English football fans are a special breed, being some of the only ones who not only go to see every home game their beloved team play but also most of the away games as well, even if that means travelling the length and breadth of Europe.
Such dedication is understandable when a team is on a hot winning streak, or in the throes of a relegation dog fight, but it’s harder to relate to when a team perennially lets their fanbase down, either with dour performances or shockingly bad results.
Here we pay homage to the fans up and down the UK who follow their teams come rain or shine, to earn the moniker of “UK’s Longest Suffering Fans”.
Spurs fans have always been forgiven for supporting their underperforming team, because at least their team have thrown caution to the wind in games, foregoing results in return for a style of football that is easy on the eye.
Then Mauricio Pochettino, who is now contending with life at PSG, came along and had everyone at the club believing that they could be something more, as Tottenham reached the Champions League final for the first time.
Unfortunately, their meek performance in that showcase game optimized the deep-rooted mindset at a club that is always happy to play the role of bridesmaid. They even ditched their free-flowing football for a while by hiring José Mourinho and his disciple Nuno Espírito Santo.
Playing style aside, it’s the club’s incapability or unwillingness to win anything that riles its fan base so much, with Daniel Levy apparently more interested in PowerPoint presentations and business buzz words than building a footballing legacy.
The last time they won the league was in 1961 and their only meaningful silverware this new millennia has been the 2008 League Cup.
That is just not good enough for a club of such size and stature, and means that Spurs supporters deserve to be ranked right up there alongside the best of England’s football superfans, who travel thousands of miles every season, knowing full well that it will all be for nothing except the love of the game and the pain that comes with it.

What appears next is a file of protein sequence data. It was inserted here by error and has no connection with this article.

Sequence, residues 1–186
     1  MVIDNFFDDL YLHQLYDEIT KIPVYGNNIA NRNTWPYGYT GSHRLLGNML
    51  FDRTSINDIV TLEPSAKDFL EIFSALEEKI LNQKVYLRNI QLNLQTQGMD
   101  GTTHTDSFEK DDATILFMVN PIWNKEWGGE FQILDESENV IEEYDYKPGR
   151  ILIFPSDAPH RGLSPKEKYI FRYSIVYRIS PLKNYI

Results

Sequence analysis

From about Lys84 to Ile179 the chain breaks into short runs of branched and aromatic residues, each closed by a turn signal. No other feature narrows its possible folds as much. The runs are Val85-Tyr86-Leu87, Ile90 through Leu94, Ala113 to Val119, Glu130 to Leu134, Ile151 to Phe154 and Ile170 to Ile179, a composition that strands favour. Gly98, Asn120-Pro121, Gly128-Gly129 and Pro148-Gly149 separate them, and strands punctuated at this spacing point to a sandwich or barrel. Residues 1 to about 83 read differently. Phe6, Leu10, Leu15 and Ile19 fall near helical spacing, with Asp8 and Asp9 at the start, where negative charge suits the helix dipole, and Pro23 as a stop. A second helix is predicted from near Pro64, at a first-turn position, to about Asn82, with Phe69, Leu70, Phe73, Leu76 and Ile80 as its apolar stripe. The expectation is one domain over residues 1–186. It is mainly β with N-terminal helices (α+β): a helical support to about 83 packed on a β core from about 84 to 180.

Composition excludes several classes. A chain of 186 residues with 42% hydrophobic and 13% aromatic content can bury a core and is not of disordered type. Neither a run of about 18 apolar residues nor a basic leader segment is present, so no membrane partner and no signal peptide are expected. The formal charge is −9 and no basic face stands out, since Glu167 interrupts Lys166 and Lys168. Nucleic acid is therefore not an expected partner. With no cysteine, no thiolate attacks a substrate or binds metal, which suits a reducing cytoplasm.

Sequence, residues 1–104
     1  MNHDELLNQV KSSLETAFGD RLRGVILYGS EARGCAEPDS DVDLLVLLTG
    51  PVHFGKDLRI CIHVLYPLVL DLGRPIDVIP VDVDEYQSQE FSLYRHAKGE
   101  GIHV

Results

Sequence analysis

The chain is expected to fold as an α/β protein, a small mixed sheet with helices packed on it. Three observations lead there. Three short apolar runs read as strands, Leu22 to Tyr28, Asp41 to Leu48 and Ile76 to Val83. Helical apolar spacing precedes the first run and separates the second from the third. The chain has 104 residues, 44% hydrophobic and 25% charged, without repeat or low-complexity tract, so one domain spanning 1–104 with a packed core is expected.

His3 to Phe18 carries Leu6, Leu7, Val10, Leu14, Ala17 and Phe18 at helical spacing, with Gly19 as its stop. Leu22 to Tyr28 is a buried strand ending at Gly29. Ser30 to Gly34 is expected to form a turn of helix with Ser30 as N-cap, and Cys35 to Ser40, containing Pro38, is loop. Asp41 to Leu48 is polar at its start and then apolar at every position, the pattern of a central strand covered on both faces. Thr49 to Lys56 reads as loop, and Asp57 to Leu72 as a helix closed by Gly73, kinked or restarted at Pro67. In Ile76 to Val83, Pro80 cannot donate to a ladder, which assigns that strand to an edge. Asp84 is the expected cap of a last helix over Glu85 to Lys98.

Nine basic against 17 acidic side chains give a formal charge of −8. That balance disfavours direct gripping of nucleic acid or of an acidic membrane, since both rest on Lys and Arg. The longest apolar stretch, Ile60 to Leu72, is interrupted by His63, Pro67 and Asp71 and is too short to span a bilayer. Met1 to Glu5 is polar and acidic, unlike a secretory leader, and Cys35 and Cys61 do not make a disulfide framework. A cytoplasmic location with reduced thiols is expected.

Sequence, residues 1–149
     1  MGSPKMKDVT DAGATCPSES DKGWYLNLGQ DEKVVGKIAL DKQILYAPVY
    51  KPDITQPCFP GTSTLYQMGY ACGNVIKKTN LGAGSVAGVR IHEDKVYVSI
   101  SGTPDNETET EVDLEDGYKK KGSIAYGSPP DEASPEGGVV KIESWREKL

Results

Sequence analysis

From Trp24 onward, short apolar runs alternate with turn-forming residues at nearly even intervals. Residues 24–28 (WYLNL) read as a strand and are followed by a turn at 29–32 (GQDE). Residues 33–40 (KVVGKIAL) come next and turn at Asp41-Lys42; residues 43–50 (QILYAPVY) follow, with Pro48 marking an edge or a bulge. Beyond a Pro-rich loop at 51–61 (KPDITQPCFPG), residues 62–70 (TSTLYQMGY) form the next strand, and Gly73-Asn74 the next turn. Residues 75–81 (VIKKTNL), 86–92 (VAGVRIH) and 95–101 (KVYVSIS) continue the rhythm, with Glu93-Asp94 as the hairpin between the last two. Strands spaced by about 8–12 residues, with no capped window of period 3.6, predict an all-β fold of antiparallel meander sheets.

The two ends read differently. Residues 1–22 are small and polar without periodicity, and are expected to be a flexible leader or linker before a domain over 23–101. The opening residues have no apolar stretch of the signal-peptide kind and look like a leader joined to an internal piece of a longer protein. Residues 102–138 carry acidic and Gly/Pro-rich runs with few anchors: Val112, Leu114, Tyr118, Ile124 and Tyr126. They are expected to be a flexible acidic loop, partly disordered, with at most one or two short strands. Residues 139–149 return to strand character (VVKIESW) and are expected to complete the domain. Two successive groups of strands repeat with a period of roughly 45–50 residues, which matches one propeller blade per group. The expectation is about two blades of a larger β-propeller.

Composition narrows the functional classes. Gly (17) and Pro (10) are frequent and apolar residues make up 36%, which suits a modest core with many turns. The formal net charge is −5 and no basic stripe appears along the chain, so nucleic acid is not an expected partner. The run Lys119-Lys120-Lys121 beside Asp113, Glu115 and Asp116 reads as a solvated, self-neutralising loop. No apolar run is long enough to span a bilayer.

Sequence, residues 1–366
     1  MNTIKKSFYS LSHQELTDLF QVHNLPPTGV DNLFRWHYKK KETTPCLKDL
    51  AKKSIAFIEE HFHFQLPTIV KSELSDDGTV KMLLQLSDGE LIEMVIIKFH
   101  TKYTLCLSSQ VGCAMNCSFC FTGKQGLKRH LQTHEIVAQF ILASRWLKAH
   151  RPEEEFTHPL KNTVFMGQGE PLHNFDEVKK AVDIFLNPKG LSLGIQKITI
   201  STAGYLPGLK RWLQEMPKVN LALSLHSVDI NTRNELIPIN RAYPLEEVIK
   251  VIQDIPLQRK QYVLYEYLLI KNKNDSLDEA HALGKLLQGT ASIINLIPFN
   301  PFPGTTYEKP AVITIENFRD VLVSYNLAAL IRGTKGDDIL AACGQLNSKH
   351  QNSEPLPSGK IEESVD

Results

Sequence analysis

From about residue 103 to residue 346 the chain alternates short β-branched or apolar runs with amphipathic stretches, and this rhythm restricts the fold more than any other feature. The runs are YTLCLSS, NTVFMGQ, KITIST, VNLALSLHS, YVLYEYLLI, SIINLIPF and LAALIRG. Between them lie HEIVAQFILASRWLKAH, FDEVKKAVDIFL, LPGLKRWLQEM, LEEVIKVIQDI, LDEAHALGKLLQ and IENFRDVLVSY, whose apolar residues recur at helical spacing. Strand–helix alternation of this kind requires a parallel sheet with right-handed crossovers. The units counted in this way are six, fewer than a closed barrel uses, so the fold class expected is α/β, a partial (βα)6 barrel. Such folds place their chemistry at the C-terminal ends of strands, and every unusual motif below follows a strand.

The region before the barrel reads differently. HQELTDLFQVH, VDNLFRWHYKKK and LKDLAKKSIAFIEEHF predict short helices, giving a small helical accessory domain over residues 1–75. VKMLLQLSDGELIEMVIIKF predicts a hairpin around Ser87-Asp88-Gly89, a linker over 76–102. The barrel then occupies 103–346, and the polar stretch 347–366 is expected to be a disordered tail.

Perhaps their new stadium and the signing of Antonio Conte can bring a change in the club’s fortunes…
At least Tottenham fans have gotten used to watching some of the best teams in the world visit their North London home, but try being a side that for 70+ seasons has been rooted to the bottom of the English professional football pyramid.
Rochdale is hardly a sprawling metropolis and so its footy fans can hardly expect them to make a charge to the Premier League, but they would have dearly enjoyed a little more ambition from their club over the years, other than a stubborn resilience that has seen them cling to their EFL status despite only tending to draw 3,000 hardcore spectators to the Crown Oil Arena.
There are lots of fan groups in the news who like to portray themselves as downtrodden and mistreated, with some of them then jumping into bed with unsavoury investors who have little knowledge of football.
In reality, the loyal fans who most deserve sympathy and to have a light shone on their plight, are those poor souls who have had their team literally decimated to the point where they have been jettisoned from the Football League.
Such was the fate suffered by Bury F.C. – one of the oldest clubs in the country – which went under after struggling to find a new owner in time.
There are now signs that a fan-led consortium could be about to revive the club’s fortunes, but they will more than likely have to start all over again and climb up through the non-league system to get back to the EFL.
Their loyal fans will relish the fight!